This explains why fallibilism is used by Popper as a label which expresses which subject of Philosophy is adopted. A central text in this respect is chapter 10 of Conjectures and Refutations, in which Popper classifies philosophers into two main groups. The first is the group of "the verificationists or justificationist philosophers of knowledge (or of belief)", and the second is the group of "the falsificationists or fallibilists or critical philosophers of knowledge (or of conjectures)". Popper describes his own position in the following terms:

"the falsificationists or fallibilists say, roughly speaking, that that which cannot (for the time being) be overthrown by criticism, is not (for the time being) worthy of serious consideration; while that which can be so overthrown and yet withstands all our critical efforts to bring it about, may well be false, but is not unworthy of serious consideration and perhaps even of being believed - though only tentatively so.... The falsificationists (the group of fallibilists to which I belong) believe - as do most irrationalists - that they have discovered logical arguments which show that the programme of the first group cannot be carried to completion: that we can never give positive reasons for a theory to be true..." [Popper 1963, p. 228].

So far, fallibilism is not an entire theory of knowledge. It is a methodological proposal for correctly assessing the claims of knowledge. That proposal is closely related to falsificationism, and thus to the logical impossibility of establishing the truth of a theory by positive corroboration of its consequences. As a methodological precaution, fallibilism constitutes a salutary warning. Problems begin when fallibilism is extended to an entire epistemology, for this involves two extrapolations. The first is to extrapolate a methodological attitude as if it were a complete description of the scientific method. The second is to extrapolate this partial picture of science as if it were a complete theory of human knowledge . I will now briefly consider these two issues.

With respect to the first, the scientific method can hardly be described in preferably negative terms. Eugene Freeman and Henryk Skolimowski have lamented "that both Peirce's and Popper's methodology have been designated by such an inept term as fallibilism", because that term suggests "the human tendency to err" and usually means "propensity towards error" or "propensity to be erroneous or inaccurate"; in this sense, "the term is singularly inept, almost a caricature, as a name for scientific method", because "it misses the main point about what is done in science when mistakes are made - that is, not that mistakes are made, but that they are (a) recognised, (b) eliminated, and (c) advanced beyond, so that one gets asymptotically closer and closer to the truth". Freeman and Skolimowski suggest that "a much more accurate designation for identifying the methodology of both Peirce and Popper is to be found in Popper's inspired phrase, conjectures and refutations, which captures much better the essence of the scientific method" [Freeman-Skolimowski 1974, pp. 514-515].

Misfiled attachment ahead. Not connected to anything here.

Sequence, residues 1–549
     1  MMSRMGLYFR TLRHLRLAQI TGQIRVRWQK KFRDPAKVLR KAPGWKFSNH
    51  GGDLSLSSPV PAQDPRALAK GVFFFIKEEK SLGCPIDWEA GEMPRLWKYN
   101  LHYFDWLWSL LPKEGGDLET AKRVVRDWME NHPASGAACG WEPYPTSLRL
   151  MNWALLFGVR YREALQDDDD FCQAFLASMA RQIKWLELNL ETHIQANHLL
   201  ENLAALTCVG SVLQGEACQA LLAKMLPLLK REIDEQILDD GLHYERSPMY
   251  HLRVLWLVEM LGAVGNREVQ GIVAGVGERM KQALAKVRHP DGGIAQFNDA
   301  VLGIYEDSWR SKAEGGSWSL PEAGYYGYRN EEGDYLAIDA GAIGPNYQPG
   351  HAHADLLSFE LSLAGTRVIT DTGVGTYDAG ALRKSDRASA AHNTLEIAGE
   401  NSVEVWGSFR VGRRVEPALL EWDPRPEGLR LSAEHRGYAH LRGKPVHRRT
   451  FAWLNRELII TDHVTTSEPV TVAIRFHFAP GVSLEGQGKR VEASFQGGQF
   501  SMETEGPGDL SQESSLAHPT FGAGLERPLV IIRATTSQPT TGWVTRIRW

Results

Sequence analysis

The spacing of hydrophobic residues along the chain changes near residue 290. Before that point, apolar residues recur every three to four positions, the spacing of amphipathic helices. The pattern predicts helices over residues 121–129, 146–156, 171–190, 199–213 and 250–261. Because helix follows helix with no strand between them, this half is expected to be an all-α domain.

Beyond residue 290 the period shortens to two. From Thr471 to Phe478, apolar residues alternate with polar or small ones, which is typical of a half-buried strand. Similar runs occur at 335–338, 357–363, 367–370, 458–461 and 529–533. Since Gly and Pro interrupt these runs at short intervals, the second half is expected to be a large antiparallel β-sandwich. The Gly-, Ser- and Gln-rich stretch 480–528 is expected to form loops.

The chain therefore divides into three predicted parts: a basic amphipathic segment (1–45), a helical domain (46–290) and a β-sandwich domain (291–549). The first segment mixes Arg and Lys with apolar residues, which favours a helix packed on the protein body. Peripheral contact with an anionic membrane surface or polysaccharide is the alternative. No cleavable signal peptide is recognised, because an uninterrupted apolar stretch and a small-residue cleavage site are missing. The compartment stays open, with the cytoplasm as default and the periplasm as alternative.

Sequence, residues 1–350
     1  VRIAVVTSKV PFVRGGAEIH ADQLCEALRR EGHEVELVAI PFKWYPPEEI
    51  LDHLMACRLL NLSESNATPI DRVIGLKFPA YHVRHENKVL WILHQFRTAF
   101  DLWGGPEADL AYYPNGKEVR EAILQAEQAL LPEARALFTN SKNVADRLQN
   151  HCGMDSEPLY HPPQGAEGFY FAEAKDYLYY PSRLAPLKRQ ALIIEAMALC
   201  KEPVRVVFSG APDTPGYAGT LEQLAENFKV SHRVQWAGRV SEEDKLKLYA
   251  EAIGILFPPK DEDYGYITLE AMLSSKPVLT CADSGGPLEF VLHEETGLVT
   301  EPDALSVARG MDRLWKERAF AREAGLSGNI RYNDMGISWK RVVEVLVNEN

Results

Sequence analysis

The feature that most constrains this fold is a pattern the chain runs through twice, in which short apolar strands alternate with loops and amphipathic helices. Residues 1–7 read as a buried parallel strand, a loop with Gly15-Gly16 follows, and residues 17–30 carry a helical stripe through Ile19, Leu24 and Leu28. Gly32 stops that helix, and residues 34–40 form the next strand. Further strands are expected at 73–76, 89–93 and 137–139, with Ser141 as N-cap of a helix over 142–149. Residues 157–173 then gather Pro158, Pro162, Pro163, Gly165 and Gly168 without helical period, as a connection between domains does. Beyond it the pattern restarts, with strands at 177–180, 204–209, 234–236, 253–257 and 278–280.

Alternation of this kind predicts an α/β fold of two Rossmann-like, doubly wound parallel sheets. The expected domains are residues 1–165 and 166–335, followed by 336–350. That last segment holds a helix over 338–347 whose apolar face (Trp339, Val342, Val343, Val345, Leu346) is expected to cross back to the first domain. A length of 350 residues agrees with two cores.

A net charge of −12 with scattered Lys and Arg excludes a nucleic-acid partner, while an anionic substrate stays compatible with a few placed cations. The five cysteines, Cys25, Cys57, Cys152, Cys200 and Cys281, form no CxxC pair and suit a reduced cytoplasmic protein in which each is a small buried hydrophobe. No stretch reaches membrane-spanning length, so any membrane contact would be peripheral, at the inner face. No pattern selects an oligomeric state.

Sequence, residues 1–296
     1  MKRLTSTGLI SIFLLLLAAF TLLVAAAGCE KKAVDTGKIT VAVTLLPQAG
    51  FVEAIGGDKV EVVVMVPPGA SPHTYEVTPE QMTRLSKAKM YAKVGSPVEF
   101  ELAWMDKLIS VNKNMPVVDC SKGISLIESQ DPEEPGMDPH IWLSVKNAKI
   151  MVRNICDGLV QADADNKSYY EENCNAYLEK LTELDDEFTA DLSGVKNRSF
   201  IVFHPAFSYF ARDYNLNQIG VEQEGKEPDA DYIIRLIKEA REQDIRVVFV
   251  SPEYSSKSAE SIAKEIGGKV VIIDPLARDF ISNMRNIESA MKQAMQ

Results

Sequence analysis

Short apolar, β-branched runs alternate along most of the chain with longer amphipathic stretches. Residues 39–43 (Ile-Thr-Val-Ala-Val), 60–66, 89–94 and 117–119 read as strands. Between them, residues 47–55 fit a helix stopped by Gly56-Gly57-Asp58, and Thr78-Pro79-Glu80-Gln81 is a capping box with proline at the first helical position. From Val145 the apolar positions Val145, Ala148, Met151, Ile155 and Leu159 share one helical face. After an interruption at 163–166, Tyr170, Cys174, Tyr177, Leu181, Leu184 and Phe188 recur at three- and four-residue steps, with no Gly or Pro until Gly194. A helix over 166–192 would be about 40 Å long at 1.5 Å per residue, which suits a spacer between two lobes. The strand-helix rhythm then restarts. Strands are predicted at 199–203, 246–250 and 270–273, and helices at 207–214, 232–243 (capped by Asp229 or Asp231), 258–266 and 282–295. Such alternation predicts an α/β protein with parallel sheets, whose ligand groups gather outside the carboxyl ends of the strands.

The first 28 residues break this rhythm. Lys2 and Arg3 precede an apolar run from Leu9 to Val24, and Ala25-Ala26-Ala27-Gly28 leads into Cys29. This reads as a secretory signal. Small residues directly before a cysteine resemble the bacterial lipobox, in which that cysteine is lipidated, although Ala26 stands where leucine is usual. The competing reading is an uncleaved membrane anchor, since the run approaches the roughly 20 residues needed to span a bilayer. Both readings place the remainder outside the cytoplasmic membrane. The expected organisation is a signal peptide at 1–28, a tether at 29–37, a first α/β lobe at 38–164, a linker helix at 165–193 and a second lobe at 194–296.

Recognising and eliminating errors implies positive capabilities and achievements that should be reflected in any theory of scientific method. Of course, Popper's methodology alludes to this, but in that case we can conclude that fallibilism is not an adequate label . However, I think there is more to it, because we do in fact obtain true knowledge and we know that we obtain it. The clarification of this problem depends on our ideas about certainty.

With regard to the second problem, although Popper obviously distinguishes between the ordinary, the scientific and the philosophical knowledge , he nevertheless states that

"the scientific knowledge can be studied more easily than the common-sense knowledge . Indeed, in a way, it is the knowledge of common sense writ large. Its problems are extensions of the problems of the knowledge common sense. For example, it replaces Hume's problem of reasonable belief with the problem of reasons for accepting or rejecting scientific theories" [Popper 1935, p. 22].